A majority of low SES patients own smartphonesand the proportion is rising rapidly. A 2016 survey found that 64% of adults in the US who earn less than $30,000 per year own smartphones (Pew 2017), up from 50% in 2014 (Smith, 2015). While some loss or damage to smartphones may be inevitable, we mitigate this by: a) encouraging patients to use a smartphone they already own; b) emphasizing the ongoing financial incentives patients can earn by continuing to participate on their mobile device; and c) offering an equipment return fee for study-provided phones after study completion.
Can patients cheat the saliva tests?
An expert panel convened by the American Society of Addiction Medicine (ASAM) determined that oral fluid testing is appropriate for detecting substance use in addiction treatment. In fact, oral fluid testing has some benefits over urine testing, such as being harder to tamper or cheat (ASAM, 2017). Adding credibility, the website “StuffStonersLike.com” (2015) complained that “the saliva drug test (mouth swab drug test) is not affected by the typical tricks and techniques that might work to defeat or beat a urine drug test.” They recommend “Ultra Kleen Saliva Cleansing Mouthwash” as a potential solution, but DynamiCare staff tested this product and found it to be ineffective.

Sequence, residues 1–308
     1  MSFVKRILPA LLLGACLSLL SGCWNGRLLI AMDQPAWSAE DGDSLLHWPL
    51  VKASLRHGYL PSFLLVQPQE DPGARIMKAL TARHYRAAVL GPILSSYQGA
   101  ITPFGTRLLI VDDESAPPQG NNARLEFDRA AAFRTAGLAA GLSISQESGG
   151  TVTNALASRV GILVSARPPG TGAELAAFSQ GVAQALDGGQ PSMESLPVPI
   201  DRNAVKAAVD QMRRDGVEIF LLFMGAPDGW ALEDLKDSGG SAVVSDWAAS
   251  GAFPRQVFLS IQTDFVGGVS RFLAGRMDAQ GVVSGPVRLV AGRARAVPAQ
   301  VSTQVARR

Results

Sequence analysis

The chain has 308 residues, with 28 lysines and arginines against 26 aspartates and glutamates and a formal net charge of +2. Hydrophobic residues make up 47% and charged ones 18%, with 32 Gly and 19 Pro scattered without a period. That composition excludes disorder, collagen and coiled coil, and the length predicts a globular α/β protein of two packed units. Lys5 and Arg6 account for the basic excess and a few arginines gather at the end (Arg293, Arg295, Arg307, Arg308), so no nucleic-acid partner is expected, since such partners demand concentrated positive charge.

Remote selfie videos add complexity to standard saliva tests, and opportunities for cheating (e.g. swapping out saliva swabs or cups). However, the methodology has been demonstrated to be feasible in research for saliva cotinine testing (Kong, 2016). Our app shows patients their own face on the phone screen during testing and actively emphasizes that they must stay within and keep their test materials within the video frame for the duration of the each test; patients who do not properly follow the procedures must re-test. We expect patients to come up with new and clever ways of cheating the tests, but so far we have not found any, and we expect that we can adapt our processes to deal with them.